digital assets

Ever wonder what will happen to your Facebook account when you die? Here is your answer: TRUFADAA.

It stands for Texas Revised Uniform Fiduciary Access to Digital Assets Act, which is found in Chapter 2001 of the Texas Estates Code and sets out the scheme for handling digital assets when a person dies or becomes incapacitated. TRUFADAA replaced the original Uniform Fiduciary Access to Digital Access Act, an unfortunate experiment that is best forgotten.

Your Facebook account is a digital asset. So is your Twitter account, your Snapchat account, your blog, and your electronic access to online financial institution and service accounts.

Because a digital account is an asset, it would stand to reason that you could simply leave the account to a beneficiary in your will or designate an agent to handle it in your power of attorney. That was the thought process behind the original uniform act that gave all of those documents precedence over the providers’ terms of services, those lengthy incomprehensible pages that you click through before you sign up for the service.

That law did not please the Internet service providers, who wanted their proprietary terms of services to prevail. They openly opposed the original uniform act, which led to turmoil for those poor executors and agents caught in the crossfire.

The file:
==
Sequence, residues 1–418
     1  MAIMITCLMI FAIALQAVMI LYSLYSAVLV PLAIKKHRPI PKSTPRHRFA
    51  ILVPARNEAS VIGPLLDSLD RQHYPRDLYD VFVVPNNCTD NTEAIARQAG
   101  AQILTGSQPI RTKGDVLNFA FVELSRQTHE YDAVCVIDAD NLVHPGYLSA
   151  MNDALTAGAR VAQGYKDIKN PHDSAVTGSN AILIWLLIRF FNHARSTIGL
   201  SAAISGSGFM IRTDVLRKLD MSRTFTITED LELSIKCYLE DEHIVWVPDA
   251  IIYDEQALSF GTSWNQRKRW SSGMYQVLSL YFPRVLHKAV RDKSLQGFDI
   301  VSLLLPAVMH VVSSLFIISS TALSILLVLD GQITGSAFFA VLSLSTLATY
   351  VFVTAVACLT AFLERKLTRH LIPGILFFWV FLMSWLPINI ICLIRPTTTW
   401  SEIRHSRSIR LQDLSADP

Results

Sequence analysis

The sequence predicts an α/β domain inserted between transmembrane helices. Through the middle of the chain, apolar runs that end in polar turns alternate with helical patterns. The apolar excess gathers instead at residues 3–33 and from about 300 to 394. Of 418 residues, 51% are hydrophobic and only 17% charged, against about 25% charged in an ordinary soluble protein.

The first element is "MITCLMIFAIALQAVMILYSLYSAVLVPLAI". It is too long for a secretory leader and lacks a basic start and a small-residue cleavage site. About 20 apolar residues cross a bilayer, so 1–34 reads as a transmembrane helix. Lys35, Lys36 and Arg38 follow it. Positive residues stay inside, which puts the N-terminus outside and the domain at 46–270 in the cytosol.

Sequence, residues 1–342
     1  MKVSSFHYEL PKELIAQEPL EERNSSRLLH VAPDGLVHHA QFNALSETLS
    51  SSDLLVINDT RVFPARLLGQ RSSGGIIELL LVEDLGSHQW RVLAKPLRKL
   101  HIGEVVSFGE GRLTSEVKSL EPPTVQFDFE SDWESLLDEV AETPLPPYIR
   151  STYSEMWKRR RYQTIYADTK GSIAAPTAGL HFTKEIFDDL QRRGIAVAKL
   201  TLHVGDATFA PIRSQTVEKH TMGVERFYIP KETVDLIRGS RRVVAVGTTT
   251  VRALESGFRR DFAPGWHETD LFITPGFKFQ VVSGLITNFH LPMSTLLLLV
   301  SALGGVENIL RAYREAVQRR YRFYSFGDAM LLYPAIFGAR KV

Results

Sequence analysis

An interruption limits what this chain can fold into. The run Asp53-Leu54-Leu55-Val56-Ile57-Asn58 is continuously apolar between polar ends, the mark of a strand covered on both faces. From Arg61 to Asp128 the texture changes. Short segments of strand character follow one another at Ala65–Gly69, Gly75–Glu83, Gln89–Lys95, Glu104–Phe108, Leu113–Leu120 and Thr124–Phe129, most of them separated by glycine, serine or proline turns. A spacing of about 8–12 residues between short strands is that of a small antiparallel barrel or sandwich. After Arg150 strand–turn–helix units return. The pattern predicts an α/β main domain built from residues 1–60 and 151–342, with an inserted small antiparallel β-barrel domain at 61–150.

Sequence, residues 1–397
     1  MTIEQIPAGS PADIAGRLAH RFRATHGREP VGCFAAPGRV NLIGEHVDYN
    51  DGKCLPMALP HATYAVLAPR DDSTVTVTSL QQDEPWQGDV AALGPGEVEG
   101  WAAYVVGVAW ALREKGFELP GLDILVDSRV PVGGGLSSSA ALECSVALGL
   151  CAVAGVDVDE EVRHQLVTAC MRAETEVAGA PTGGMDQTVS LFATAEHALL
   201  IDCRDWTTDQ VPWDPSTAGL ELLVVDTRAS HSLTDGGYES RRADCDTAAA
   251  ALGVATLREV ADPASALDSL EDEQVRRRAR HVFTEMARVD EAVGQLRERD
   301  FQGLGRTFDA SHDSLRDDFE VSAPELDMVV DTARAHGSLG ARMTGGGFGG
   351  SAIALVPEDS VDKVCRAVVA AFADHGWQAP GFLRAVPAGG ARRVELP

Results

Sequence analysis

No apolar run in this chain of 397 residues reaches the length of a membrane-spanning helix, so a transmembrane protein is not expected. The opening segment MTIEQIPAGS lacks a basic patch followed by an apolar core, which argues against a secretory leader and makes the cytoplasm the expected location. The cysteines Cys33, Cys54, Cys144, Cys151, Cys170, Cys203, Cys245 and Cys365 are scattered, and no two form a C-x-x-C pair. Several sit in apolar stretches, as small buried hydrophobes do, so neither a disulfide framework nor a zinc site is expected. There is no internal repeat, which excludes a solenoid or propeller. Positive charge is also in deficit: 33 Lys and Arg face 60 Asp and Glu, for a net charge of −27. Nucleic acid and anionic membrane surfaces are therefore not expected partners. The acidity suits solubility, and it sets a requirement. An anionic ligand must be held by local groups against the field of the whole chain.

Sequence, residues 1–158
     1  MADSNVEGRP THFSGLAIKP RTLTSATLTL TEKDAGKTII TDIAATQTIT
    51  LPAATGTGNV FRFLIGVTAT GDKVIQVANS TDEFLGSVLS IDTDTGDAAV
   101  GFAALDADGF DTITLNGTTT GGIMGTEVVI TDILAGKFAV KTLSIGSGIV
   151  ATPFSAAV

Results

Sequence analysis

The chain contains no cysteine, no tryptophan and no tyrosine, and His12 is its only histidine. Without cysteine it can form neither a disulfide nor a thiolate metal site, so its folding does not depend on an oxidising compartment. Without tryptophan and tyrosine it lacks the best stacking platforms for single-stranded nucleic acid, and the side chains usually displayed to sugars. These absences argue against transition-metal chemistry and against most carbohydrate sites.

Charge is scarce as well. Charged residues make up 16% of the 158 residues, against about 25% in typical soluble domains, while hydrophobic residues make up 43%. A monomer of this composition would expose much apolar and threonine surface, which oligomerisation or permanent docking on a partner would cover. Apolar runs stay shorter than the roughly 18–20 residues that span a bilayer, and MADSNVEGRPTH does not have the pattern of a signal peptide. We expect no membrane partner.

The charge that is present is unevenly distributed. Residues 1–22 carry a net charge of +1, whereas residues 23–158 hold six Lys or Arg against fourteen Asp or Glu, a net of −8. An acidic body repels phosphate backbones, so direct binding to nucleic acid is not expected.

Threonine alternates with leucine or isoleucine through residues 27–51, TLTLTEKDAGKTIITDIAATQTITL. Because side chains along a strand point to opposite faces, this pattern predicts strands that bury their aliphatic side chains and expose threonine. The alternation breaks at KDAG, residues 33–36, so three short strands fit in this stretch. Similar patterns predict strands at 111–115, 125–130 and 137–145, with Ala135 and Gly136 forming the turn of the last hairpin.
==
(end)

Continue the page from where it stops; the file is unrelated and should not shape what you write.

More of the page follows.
TRUFADAA came to the rescue as an acceptable compromise that provided a very simple plan.

If the Internet service gives you an online tool to direct the provider to disclose or not disclose some or all of your digital assets, and you actually use that tool, then the online tool overrides any contrary directions contained in your will, trust or power of attorney.

If the internet service does not give you an online tool, or if you do not use a provided online tool to give directions, then you may use your will, trust or power of attorney to give directions that allow or prohibit disclosure.

Any directions that you give, either using the online tool or in your will, trust or power of attorney, override contrary provisions in the service’s terms-of-service agreement.

The upshot is that if you do not take affirmative steps, either through the online tool or your estate planning documents, to manage disclosure of your digital assets, then you will be stuck with the Internet service’s rules.

Where can you find the online tool for a particular service? Many services place it in “advanced settings,” “security settings” or “manage account.”

If you have a lot of digital assets, then you may want to take matters a step further and create a trust to hold them. This has the benefit of easily passing management of the assets to a successor trustee if you become incapacitated or die.

The important point is to make a decision on how your digital assets will be handled and then follow through. Otherwise, your digital assets may die when you do.

Hammerle Finley Law Firm. Give us a call. We can help.

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The information contained in this article is general information only and does not constitute legal advice.